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Australia opposition vulnerable on emissions: poll
SYDNEY (Reuters) - Australia's conservative opposition could receive an election drubbing if it blocks a planned emissions trading scheme, a poll published on Saturday predicted.
The widely watched Newspoll, published in The Weekend Australian, said the opposition coalition could lose at least 20 of its metropolitan seats, resulting in a widened majority for the government.
The results of the poll, taken in mid-September, come amid a battle to get the legislation through the Senate, where the government lacks a majority. A vote scheduled for Friday was delayed and debate will continue on Monday.
A defeat would allow the government to call an early election, but Prime Minister Kevin Rudd says he wants to serve a full term.
"I have been elected to serve a full term and that is my intention," Rudd was quoted by Australian Associated Press as saying in Trinidad, where he is attending a Commonwealth summit.
The Newspoll showed that 63 percent of opposition supporters in cities thought the legislation should be passed, while only 28 percent thought it should not.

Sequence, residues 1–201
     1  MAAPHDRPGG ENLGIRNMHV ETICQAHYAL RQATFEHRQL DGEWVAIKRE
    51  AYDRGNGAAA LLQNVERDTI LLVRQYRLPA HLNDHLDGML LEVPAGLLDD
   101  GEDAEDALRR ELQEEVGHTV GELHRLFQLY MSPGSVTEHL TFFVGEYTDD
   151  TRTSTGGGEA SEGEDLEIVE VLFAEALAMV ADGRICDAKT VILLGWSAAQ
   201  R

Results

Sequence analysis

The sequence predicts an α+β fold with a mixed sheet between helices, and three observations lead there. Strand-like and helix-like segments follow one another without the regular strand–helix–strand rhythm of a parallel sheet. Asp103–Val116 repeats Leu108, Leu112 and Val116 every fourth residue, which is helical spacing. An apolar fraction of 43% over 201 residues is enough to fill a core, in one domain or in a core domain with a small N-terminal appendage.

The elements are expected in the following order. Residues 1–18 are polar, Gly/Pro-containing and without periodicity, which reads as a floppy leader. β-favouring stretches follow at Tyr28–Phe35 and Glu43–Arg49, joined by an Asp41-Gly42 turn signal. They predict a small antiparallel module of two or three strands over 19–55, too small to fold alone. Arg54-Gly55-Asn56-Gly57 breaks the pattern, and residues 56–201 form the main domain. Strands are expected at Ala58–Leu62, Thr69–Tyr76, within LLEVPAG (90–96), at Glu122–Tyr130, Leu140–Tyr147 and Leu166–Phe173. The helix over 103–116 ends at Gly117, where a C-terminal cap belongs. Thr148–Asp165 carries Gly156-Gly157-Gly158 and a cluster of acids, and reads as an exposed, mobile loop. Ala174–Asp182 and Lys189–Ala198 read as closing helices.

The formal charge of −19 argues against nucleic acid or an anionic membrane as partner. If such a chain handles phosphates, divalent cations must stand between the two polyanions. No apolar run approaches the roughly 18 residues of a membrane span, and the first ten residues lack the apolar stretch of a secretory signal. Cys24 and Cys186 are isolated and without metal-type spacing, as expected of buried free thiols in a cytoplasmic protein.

If one in 10 of those voters switched sides, it would cost the opposition 20 seats it holds with margins of less than 6.5 percent.
The survey also showed that voters aged 18 to 34 favored the government's legislation by a margin of almost five to one.
Opposition leader Malcolm Turnbull, who brokered a deal on the legislation which climate change skeptics within his camp are trying to scupper, on Tuesday faces the second challenge to his leadership within a week.
The poll was conducted before Turnbull agreed to the deal, which included more lenient provisions for agriculture and other concessions.
The emissions trading scheme has already been defeated once and if defeated again, it would give the government a trigger to call a double dissolution election for both houses of parliament.
Polls have consistently showed the government would win an early election.
(Editing by Nick Macfie)
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